Until 2001, commuters hustling through the connecting passageway that connects the IRT #7 and the various 6th Ave. IND lines at 42nd St. were able to view previous neighborhood scenes, as plaques depicting them were mounted on the wall. One of them presented a strange scene of 5th Ave. looking south from 42nd St., showing a large body of water surrounded by concrete. Between 1842 and 1911, the New York Public Library site was home to a large distributing reservoir that not only supplied much of the city’s water, but also catered to the local tourist trade: the Croton Cottage, located at 5th Ave. and 40th St. from about 1845 to 1863, provided refreshment and recreation to reservoir visitors. The Cottage was destroyed during the NYC Draft Riots in 1863.
New York's first water system was built between 1837 and 1842. Prior to those years, water for drinking and washing was obtained from cisterns, wells and barrels from rain. Construction began in 1837 on a series of mostly underground conduits that would bring water from the Croton River in northern Westchester County to NYC's spigots. Amazingly, it took only five years to finish the first connection given the technology available at the time. Men and mules mostly did the work in a pre-combustion-engine age. The aqueduct was built on a very slight pitch along its length; the beginning of the aqueduct at Croton Dam is 41 feet higher than the end in Manhattan. This was enough to allow water to flow south by force of gravity by 13 and 1/4 inches per mile—enough to supply the city, which then consisted of just Manhattan, with all its fresh water needs.
Two reservoirs were built in New York City, one between the present-day lines of 6th and 7th Aves. and 79th and 85th Sts., and a smaller distributing reservoir on 5th and 42nd. The former was drained in 1930 and its site is now occupied by Central Park's Great Lawn. The latter was torn down to make room for the main branch of the New York Public Library, which rose in 1911. Those reservoirs were replaced by two huge tunnels, which were built in 1917 and 1937; a third is still under construction. Central Park's present Reservoir, now named for Jacqueline Kennedy Onassis, was begun in 1858 and was a part of NYC's water distribution system all the way to 1991.
Many of the Old Croton Aqueduct’s New York City remnants are visible in the Bronx and even in upper Manhattan, as are some reminders of the New Croton Aqueduct, built in 1890 to replace the older.
At various points along the aqueduct, above-ground structures known as gatehouses were constructed. Under the gatehouses could be found machinery that assisted in routing and directing the flow of water. In Manhattan, there are remaining gatehouses at W. 113th St. and Amsterdam Ave., built in 1876 (now a day care center for elderly); W. 119th St. and Amsterdam, designated a city landmark in 2000; and the largest Manhattan gatehouse, at Convent Ave. and W. 135th St., now being refurbished for use as a theater by City College.
In the Bronx, the Old Croton Aqueduct’s length has been carefully marked and designated. After crossing High Bridge, which after years of closure was restored and its walkway reopened in 2015, the Old Croton moved under University Ave. (now Martin Luther King Jr. Blvd.) where it’s designated by a center traffic mall. Above W. Burnside Ave. it resurfaces, where its route occupies a pedestrian mall along Aqueduct Aves. East and West. At the Jerome Park Reservoir, above Kingsbridge Road, part of the reservoir’s retaining wall along Goulden Ave. is made from stones formerly part of the Old Croton. And, much of the Old Croton’s path is now a walking trail in Van Cortlandt Park, continuing into Westchester County north of the park for fully 26 miles to Old Croton Aqueduct State Historic Park. Three Old Croton gatehouses can be seen along the Jerome Park Reservoir at Goulden and Reservoir Aves., Goulden Ave. and W. 205th St., and Goulden and Sedgwick Aves.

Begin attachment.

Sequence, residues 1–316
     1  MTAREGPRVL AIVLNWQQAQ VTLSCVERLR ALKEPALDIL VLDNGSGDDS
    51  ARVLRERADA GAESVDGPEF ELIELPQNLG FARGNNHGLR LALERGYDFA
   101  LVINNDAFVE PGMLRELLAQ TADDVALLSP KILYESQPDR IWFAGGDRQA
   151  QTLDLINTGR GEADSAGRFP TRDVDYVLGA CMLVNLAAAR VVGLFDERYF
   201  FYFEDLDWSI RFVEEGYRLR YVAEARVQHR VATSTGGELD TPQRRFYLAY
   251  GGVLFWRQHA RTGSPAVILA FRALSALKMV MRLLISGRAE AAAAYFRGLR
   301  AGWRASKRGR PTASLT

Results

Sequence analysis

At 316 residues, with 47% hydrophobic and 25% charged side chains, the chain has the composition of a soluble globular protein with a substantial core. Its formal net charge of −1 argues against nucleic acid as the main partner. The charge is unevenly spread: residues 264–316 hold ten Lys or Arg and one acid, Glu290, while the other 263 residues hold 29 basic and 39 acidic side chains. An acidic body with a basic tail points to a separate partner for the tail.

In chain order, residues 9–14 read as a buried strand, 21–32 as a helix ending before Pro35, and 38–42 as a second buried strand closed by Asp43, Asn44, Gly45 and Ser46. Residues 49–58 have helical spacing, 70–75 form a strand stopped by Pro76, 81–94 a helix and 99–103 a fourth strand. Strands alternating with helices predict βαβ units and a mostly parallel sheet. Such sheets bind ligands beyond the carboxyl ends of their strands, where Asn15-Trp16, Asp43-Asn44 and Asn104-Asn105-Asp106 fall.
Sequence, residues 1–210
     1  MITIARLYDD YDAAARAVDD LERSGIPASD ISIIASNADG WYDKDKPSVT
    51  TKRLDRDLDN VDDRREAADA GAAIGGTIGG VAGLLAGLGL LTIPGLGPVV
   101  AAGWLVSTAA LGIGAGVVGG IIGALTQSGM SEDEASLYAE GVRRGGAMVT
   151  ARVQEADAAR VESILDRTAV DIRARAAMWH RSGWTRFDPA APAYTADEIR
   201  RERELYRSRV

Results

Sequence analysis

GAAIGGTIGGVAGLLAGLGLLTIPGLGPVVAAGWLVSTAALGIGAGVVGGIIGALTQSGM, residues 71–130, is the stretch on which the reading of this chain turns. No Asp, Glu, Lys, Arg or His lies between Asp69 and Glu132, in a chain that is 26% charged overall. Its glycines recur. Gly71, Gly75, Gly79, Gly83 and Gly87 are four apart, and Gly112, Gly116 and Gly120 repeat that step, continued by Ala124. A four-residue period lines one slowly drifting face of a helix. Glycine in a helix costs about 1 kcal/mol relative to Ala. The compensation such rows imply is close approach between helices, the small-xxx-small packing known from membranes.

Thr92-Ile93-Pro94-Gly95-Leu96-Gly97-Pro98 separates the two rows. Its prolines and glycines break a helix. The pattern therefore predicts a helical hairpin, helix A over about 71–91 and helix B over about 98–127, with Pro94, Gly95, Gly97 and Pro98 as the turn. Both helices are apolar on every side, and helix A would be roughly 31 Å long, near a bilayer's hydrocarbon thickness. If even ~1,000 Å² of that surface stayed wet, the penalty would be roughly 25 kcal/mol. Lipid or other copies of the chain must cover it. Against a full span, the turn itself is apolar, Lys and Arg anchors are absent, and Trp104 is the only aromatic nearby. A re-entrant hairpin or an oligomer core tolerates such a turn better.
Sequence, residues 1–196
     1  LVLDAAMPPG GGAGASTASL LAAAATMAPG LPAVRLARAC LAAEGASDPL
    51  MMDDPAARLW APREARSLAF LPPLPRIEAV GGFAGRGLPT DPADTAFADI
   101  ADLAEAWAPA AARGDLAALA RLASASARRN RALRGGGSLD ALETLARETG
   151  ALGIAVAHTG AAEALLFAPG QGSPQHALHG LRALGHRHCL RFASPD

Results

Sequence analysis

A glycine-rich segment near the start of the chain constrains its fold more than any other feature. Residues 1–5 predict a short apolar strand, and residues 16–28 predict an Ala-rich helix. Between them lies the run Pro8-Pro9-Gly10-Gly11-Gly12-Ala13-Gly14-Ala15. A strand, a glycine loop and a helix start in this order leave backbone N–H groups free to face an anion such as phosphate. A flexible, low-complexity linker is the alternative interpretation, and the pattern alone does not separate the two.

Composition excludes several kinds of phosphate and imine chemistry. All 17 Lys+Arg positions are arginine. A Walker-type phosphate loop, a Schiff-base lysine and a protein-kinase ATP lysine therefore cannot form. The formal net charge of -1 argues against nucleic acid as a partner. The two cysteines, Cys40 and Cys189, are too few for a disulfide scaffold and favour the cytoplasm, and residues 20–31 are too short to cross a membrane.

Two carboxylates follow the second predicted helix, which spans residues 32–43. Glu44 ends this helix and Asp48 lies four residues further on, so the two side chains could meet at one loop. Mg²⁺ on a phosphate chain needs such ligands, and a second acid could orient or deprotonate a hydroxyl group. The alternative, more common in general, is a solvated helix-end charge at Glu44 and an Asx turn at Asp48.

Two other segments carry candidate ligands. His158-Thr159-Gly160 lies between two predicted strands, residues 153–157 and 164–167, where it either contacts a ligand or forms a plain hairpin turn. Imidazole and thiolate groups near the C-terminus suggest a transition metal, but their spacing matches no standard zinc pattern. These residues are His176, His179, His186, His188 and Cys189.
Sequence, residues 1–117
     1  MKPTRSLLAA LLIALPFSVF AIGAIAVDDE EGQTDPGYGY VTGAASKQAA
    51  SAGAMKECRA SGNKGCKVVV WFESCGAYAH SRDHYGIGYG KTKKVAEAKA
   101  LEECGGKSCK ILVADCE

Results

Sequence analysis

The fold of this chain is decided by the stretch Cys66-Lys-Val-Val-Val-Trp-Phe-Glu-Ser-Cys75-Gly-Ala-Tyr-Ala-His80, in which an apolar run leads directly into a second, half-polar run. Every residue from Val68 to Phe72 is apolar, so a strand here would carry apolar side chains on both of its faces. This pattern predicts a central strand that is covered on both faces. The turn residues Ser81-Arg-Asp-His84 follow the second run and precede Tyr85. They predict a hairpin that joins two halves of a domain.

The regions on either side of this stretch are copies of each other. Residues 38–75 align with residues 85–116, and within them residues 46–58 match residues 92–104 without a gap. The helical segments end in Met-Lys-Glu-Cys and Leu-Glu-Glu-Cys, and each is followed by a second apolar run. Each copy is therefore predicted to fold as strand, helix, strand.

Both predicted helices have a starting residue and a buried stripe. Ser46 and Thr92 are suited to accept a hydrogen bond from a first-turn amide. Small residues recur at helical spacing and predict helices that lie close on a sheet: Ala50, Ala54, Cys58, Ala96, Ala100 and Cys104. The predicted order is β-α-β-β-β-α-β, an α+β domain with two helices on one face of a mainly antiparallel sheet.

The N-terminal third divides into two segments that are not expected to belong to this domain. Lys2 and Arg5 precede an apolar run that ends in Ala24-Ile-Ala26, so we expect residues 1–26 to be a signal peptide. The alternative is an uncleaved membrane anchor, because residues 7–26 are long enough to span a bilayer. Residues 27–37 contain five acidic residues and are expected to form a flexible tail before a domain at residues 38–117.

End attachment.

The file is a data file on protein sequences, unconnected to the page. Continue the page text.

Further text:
In the University Heights and Fordham neighborhoods, the Aqueduct Walk is raised on an embankment, giving views of the surrounding neighborhoods, or at grade, which requires the stroller to exit it and cross busy streets like W. Fordham Rd. at the nearest crosswalk controlled by a stoplight.
The Aqueduct Walk was New York City’s first linear park; another can be found in Flushing, Queens, where Kissena Corridor Park limns the route of the old A.T. Stewart railway connection from Flushing to Garden City, which was abandoned in the 1880s. NYC’s latest linear park is, of course, High Line Park, which was constructed in stages from 2008-2014 along the former West Side Freight Railroad which ran in Chelsea and the West Side from 1934-1980. There were high hopes for the High Line, but it has proven to be something of a disappointment as it ushered in overdevelopment along its route, forcing longtime businesses catering to the middle-classes to move out, replaced by gleaming glass and metal high-rises built for the superrich; the High Line, while constructed and designed with notable panache, attracts mostly out-of-towners and gawkers.
The Aqueduct Walk, because of its location, has remained admirably downscale and is used primarily by the residents in its various neighborhoods as a pedestrian shortcut. It’s lined on both sides with ample trees and flowering plants, and its terrain is pleasingly variable, going up and down embankments. Unfortunately, a beautiful arch bridge that took it over West Burnside Avenue was torn down in the 1920s.
A look at the northern end of Aqueduct Walk at West Kingsbridge Road. North of here it’s interrupted until resuming within Van Cortlandt Park. Begin here and make your way south along Aqueduct and University Aves., cross the High Bridge, and finish by walking down Amsterdam Ave. and its gatehouses to Columbia University, and get a look at an unsullied, unadorned urban walkway, the type of which I wish we had more.